The OPERA hypothesis theorizes how musical experience heightens perceptual acuity to lexical tones. One missing element in the hypothesis is whether musical advantage is general to all or specific to some lexical tones. To further extend the hypothesis, this study investigated whether English musicians consistently outperformed English nonmusicians in perceiving a variety of Cantonese tones. In an AXB discrimination task, the musicians exhibited superior discriminatory performance over the nonmusicians only in the high level, high rising, and mid-level tone contexts. Similarly, in a Cantonese tone sequence recall task, the musicians significantly outperformed the nonmusicians only in the contour tone context but not in the level tone context. Collectively, the results reflect the selectivity of musical advantage—musical experience is only advantageous to the perception of some but not all Cantonese tones, and elements of selectivity can be introduced to the OPERA hypothesis. Methodologically, the findings highlight the need to include a wide variety of lexical tone contrasts when studying music-to-language transfer.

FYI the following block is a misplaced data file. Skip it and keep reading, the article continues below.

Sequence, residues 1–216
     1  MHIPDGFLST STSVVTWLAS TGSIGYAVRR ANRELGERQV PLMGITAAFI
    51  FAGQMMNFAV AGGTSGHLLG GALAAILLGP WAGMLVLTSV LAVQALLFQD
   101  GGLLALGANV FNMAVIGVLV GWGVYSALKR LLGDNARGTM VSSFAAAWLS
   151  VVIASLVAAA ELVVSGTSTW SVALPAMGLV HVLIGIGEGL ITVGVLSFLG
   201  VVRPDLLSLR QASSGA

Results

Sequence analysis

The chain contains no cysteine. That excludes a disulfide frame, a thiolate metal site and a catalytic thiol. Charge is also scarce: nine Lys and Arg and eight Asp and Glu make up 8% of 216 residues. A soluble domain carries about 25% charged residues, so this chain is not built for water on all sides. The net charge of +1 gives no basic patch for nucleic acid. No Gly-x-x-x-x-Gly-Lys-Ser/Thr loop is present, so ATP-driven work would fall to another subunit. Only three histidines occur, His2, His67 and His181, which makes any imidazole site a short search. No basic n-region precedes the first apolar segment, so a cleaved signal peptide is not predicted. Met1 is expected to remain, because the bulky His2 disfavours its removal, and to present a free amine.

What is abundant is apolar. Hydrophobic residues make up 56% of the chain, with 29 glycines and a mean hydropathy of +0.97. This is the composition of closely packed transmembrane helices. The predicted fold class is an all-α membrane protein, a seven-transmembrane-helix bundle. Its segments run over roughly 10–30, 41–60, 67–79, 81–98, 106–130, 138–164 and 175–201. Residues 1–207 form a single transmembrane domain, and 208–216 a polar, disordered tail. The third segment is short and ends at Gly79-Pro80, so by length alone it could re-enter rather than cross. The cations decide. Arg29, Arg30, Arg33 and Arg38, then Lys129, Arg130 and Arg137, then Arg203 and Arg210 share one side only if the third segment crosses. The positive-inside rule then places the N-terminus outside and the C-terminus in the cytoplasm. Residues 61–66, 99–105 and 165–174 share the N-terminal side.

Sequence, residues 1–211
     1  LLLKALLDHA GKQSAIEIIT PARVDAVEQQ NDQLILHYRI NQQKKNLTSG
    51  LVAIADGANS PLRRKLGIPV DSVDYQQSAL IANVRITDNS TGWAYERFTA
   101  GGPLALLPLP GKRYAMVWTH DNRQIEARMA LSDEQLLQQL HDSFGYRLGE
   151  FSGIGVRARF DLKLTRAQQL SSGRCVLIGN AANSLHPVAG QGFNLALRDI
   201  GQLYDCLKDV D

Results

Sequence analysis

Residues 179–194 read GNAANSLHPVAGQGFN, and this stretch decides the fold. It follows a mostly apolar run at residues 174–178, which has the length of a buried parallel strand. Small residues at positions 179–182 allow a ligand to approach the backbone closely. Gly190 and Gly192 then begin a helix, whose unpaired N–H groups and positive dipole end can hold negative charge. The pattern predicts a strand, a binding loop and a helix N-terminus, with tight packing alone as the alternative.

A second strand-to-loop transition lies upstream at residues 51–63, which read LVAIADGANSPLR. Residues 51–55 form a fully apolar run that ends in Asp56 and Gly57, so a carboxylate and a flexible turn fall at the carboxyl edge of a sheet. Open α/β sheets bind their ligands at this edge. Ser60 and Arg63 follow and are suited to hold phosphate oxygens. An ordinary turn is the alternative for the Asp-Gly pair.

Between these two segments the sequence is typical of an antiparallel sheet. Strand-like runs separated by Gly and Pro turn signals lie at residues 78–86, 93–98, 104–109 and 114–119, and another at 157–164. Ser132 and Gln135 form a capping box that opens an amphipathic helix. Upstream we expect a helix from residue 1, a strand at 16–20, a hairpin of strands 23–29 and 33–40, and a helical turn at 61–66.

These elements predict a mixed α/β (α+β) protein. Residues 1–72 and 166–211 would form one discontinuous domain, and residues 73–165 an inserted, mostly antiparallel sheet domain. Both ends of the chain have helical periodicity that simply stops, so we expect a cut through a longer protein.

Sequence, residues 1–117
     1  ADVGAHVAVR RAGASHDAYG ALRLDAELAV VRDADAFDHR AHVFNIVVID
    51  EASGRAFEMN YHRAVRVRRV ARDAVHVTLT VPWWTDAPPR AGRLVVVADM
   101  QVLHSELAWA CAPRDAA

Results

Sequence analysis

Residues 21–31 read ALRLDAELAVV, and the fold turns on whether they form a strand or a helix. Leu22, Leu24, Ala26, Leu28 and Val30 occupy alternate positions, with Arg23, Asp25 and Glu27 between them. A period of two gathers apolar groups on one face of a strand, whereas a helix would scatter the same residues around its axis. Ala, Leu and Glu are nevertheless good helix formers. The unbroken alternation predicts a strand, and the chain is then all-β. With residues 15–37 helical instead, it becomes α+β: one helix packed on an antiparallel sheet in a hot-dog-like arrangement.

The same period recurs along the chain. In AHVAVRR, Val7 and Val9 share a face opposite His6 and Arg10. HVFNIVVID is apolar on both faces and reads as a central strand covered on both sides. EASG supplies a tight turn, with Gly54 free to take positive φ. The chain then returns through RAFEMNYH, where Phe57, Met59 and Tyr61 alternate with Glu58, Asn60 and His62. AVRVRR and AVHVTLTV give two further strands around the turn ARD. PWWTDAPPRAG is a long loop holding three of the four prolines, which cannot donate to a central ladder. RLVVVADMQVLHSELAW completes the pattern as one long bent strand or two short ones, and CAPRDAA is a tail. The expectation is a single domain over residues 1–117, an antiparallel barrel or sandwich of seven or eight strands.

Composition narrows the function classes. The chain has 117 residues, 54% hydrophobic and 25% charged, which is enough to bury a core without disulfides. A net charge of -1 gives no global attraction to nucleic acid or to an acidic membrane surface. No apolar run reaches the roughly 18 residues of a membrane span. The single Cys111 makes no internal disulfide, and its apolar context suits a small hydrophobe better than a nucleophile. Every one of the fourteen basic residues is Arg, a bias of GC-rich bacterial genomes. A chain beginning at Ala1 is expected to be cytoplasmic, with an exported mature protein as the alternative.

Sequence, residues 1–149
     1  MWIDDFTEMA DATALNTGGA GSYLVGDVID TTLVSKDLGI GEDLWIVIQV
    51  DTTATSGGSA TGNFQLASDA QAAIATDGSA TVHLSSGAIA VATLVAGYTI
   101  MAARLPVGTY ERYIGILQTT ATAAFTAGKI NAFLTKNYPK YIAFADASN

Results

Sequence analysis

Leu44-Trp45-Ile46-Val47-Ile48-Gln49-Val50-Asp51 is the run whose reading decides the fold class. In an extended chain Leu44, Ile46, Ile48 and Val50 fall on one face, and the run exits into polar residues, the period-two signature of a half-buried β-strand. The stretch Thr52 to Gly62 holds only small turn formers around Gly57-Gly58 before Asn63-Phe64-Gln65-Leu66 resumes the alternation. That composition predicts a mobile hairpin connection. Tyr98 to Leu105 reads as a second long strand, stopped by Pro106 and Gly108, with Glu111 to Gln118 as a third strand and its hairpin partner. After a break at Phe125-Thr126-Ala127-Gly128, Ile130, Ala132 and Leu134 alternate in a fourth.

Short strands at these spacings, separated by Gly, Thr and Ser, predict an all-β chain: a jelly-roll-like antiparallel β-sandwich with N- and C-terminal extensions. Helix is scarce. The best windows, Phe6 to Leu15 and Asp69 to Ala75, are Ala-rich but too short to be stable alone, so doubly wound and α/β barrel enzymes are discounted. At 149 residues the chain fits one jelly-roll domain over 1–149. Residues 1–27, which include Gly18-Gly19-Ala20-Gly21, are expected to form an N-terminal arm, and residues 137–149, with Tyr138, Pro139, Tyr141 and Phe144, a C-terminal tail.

Skip Nav Destination
Research Article| June 10 2020
The Selectivity of Musical Advantage: Musicians Exhibit Perceptual Advantage For Some But Not All Cantonese Tones
The Education University of Hong Kong, Taipo, Hong Kong
Search for other works by this author on:
William Choi; The Selectivity of Musical Advantage: Musicians Exhibit Perceptual Advantage For Some But Not All Cantonese Tones. Music Perception 10 June 2020; 37 (5): 423–434. doi: https://doi.org/10.1525/mp.2020.37.5.423
Download citation file: